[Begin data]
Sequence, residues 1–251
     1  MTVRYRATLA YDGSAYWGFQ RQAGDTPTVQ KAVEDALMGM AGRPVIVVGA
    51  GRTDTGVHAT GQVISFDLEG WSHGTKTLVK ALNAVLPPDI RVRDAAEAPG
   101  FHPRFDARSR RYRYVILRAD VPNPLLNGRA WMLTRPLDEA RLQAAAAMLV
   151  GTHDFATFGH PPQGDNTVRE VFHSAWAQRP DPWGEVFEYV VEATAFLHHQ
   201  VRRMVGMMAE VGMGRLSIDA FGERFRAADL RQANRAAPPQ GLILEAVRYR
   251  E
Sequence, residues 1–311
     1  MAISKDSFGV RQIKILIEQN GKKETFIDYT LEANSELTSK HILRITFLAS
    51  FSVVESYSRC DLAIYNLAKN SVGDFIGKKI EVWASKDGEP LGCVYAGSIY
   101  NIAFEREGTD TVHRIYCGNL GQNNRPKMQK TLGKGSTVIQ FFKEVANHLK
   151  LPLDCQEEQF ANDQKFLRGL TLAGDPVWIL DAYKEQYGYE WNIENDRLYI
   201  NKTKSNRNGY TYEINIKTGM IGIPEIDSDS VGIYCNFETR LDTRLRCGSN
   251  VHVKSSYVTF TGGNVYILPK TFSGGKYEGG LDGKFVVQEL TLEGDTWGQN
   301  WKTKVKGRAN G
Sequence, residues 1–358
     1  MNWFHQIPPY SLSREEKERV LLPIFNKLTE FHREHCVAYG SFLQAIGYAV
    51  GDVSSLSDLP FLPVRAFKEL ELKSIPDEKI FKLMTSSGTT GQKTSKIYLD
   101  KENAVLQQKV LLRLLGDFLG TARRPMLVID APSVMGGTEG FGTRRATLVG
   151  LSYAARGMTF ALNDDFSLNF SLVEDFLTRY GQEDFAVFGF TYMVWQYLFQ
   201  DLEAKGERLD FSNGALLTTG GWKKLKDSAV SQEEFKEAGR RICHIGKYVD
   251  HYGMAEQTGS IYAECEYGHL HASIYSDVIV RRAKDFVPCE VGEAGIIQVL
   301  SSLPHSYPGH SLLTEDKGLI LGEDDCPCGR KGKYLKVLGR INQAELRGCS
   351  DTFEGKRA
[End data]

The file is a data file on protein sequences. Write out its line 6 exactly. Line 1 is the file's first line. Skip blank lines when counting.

   201  VRRMVGMMAE VGMGRLSIDA FGERFRAADL RQANRAAPPQ GLILEAVRYR